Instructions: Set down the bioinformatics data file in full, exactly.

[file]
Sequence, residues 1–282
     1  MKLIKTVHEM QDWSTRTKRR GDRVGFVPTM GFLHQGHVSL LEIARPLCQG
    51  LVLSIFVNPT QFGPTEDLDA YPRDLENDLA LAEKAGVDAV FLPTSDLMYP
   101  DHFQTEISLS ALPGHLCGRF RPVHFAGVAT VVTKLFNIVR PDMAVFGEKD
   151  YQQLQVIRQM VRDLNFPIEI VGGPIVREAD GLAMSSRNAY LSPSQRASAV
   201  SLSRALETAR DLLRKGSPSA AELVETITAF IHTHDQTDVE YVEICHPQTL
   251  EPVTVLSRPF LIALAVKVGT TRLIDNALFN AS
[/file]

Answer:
Sequence, residues 1–282
     1  MKLIKTVHEM QDWSTRTKRR GDRVGFVPTM GFLHQGHVSL LEIARPLCQG
    51  LVLSIFVNPT QFGPTEDLDA YPRDLENDLA LAEKAGVDAV FLPTSDLMYP
   101  DHFQTEISLS ALPGHLCGRF RPVHFAGVAT VVTKLFNIVR PDMAVFGEKD
   151  YQQLQVIRQM VRDLNFPIEI VGGPIVREAD GLAMSSRNAY LSPSQRASAV
   201  SLSRALETAR DLLRKGSPSA AELVETITAF IHTHDQTDVE YVEICHPQTL
   251  EPVTVLSRPF LIALAVKVGT TRLIDNALFN AS